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Journal of Immigrant and Minority Health

, Volume 22, Issue 1, pp 87–95 | Cite as

Testing a Religiously Tailored Intervention with Somali American Muslim Women and Somali American Imams to Increase Participation in Breast and Cervical Cancer Screening

  • Rebekah PrattEmail author
  • Sharif Mohamed
  • Wali Dirie
  • Nimo Ahmed
  • Sey Lee
  • Michael VanKeulen
  • Sam Carlson
Original Paper

Abstract

Somali American women have low rates of breast and cervical screening. This research aimed to test the feasibility and impact of religiously tailored workshops involving Somali American Muslim women and male imams to improve intention to undergo breast or cervical cancer screening. Religiously tailored workshops addressing cancer screening (each approximately 3 h in length) were conducted with 30 Somali American women and 11 imams. Pre- and post-test surveys measured attitudes toward screening, screening intention, and workshop experience. The workshops were feasible, and both the women and the imams found the workshops enjoyable as well as informative. The discussions of religiously tailored messages had a positive impact on attitudes toward cancer screening, and, for the women, a positive impact on intention to screen. Religiously tailored messages can be an important community asset for engaging Somali American Muslim women around the value of breast and cervical cancer screening.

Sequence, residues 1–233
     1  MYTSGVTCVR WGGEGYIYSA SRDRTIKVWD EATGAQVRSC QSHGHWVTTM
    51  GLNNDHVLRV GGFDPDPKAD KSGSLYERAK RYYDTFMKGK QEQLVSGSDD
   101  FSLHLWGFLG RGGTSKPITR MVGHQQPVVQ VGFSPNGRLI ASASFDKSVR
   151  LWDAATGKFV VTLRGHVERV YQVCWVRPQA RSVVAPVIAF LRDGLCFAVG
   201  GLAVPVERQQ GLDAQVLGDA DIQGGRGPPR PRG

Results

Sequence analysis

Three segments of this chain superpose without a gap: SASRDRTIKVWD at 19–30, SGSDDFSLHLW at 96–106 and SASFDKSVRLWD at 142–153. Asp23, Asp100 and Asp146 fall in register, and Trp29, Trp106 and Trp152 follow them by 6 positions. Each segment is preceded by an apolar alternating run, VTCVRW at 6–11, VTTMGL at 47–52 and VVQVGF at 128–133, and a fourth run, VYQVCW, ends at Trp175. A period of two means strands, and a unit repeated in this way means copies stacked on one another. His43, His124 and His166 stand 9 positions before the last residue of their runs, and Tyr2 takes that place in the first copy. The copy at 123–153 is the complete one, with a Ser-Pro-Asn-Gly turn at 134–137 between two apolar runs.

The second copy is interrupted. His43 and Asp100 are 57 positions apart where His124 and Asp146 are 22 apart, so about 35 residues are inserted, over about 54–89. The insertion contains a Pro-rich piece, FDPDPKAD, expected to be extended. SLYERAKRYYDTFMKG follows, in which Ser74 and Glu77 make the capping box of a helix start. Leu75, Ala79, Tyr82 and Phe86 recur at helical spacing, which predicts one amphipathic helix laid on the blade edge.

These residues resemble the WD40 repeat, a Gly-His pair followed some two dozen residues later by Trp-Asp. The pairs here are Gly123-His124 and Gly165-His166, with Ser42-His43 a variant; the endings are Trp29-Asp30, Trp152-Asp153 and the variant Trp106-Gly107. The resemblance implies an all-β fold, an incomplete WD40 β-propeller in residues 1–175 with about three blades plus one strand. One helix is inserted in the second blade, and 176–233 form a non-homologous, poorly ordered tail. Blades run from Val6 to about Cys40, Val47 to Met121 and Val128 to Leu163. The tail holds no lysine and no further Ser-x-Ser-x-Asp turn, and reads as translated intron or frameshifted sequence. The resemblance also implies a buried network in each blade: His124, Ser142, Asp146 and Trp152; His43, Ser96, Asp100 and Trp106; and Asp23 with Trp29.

Keywords

Cancer screening Breast Cervical Religious Immigrant Muslim Somali Qualitative Focus group 

Notes

Funding

This work was supported by the Program in Health Disparities Research Small Grant Program, University of Minnesota.

Compliance with Ethical Standards

Conflict of interest

No potential conflict of interest was reported by the authors.

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Copyright information

© Springer Science+Business Media, LLC, part of Springer Nature 2019

Authors and Affiliations

  1. 1.Program in Health Disparities Research, Department of Family Medicine and Community HealthUniversity of MinnesotaMinneapolisUSA
  2. 2.Islamic Civil Society of AmericaMinneapolisUSA
  3. 3.Department of Family Medicine and Community HealthUniversity of MinnesotaMinneapolisUSA
  4. 4.Open Path ResourcesMinneapolisUSA

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